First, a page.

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01.12.2018 | Research | Ausgabe 1/2018 Open Access

Fluids and Barriers of the CNS 1/2018

Cerebral influx of Na+ and Cl as the osmotherapy-mediated rebound response in rats

Fluids and Barriers of the CNS > Ausgabe 1/2018
Eva Kjer Oernbo, Kasper Lykke, Annette Buur Steffensen, Kathrin Töllner, Christina Kruuse, Martin Fredensborg Rath, Wolfgang Löscher, Nanna MacAulay



Cerebral edema can cause life-threatening increase in intracranial pressure. Besides surgical craniectomy performed in severe cases, osmotherapy may be employed to lower the intracranial pressure by osmotic extraction of cerebral fluid upon intravenous infusion of mannitol or NaCl. A so-called rebound effect can, however, hinder continuous reduction in cerebral fluid by yet unresolved mechanisms.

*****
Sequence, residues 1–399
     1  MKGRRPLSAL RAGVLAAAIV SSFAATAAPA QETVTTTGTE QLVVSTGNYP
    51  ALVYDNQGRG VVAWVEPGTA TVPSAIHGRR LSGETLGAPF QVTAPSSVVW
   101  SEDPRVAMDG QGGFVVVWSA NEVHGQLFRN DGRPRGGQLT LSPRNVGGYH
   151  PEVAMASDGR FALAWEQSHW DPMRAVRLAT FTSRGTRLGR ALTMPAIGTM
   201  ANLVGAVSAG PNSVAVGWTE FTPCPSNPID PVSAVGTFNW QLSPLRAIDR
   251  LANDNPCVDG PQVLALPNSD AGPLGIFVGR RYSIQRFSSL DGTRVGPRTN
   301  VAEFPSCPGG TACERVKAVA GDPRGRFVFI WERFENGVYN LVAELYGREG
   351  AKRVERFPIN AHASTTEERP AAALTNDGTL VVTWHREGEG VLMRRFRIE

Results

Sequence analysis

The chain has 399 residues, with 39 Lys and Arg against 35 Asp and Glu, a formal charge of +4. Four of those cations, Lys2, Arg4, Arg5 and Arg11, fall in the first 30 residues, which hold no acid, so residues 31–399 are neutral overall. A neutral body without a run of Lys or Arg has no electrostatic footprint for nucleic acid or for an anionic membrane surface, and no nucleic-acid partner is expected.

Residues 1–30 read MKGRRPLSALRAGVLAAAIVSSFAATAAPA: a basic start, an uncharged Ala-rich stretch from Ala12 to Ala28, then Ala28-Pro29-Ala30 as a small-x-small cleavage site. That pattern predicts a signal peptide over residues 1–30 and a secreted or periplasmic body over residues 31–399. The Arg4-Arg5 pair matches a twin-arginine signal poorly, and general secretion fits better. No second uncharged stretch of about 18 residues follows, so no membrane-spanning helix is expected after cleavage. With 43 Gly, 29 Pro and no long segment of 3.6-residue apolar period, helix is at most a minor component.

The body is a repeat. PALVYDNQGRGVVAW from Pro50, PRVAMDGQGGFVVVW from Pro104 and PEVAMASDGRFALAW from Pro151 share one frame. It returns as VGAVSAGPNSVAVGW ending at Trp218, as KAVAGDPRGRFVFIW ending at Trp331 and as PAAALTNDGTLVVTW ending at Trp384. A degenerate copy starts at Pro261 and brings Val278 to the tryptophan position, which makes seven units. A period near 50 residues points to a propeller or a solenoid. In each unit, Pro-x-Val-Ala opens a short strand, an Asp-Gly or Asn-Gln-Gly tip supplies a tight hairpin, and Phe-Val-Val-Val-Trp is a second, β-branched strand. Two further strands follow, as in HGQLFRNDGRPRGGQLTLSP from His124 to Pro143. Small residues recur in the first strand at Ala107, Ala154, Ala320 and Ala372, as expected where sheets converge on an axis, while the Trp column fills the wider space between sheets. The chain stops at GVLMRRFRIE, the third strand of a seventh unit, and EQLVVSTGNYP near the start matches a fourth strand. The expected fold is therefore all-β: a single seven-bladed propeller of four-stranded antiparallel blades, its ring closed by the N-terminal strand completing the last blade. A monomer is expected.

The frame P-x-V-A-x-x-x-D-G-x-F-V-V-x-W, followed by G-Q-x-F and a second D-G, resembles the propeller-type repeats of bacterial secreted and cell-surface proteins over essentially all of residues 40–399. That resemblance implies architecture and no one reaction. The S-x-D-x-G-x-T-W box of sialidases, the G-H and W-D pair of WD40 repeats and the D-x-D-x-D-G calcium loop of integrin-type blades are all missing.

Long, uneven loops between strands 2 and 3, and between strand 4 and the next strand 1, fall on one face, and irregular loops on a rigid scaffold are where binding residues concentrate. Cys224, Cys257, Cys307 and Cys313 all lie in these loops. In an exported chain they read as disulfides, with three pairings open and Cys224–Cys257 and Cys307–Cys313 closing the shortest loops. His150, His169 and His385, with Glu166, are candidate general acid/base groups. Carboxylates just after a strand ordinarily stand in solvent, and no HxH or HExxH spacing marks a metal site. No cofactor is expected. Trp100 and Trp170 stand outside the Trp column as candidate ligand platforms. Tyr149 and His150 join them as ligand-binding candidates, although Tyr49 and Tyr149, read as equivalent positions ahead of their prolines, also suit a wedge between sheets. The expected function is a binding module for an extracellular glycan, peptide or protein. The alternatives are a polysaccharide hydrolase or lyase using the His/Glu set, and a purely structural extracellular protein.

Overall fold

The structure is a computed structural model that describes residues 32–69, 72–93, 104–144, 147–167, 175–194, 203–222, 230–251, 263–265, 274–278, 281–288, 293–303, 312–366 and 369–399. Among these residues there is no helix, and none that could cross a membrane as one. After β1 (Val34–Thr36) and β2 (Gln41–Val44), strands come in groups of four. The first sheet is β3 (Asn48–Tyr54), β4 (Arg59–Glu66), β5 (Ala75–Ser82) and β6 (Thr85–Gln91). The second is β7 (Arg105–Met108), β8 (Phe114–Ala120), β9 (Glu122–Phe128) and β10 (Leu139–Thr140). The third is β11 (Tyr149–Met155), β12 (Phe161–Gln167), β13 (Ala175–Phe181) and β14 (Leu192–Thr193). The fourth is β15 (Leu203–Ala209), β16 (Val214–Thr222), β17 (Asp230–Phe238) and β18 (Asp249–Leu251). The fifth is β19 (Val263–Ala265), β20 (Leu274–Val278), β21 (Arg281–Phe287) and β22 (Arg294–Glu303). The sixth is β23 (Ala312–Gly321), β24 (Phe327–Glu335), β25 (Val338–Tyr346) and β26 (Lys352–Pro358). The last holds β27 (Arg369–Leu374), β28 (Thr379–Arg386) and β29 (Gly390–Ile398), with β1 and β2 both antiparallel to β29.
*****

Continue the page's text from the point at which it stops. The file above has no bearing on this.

We determined the brain water and electrolyte content in healthy rats treated with osmotherapy. Osmotherapy (elevated plasma osmolarity) was mediated by intraperitoneal injection of NaCl or mannitol with inclusion of pharmacological inhibitors of selected ion-transporters present at the capillary lumen or choroidal membranes. Brain barrier integrity was determined by fluorescence detection following intravenous delivery of Na+-fluorescein.


NaCl was slightly more efficient than mannitol as an osmotic agent. The brain water loss was only ~ 60% of that predicted from ideal osmotic behavior, which could be accounted for by cerebral Na+ and Cl accumulation. This electrolyte accumulation represented the majority of the rebound response, which was unaffected by the employed pharmacological agents. The brain barriers remained intact during the elevated plasma osmolarity.


A brain volume regulatory response occurs during osmotherapy, leading to the rebound response. This response involves brain accumulation of Na+ and Cl and takes place by unresolved molecular mechanisms that do not include the common ion-transporting mechanisms located in the capillary endothelium at the blood–brain barrier and in the choroid plexus epithelium at the blood–CSF barrier. Future identification of these ion-transporting routes could provide a pharmacological target to prevent the rebound effect associated with the widely used osmotherapy.
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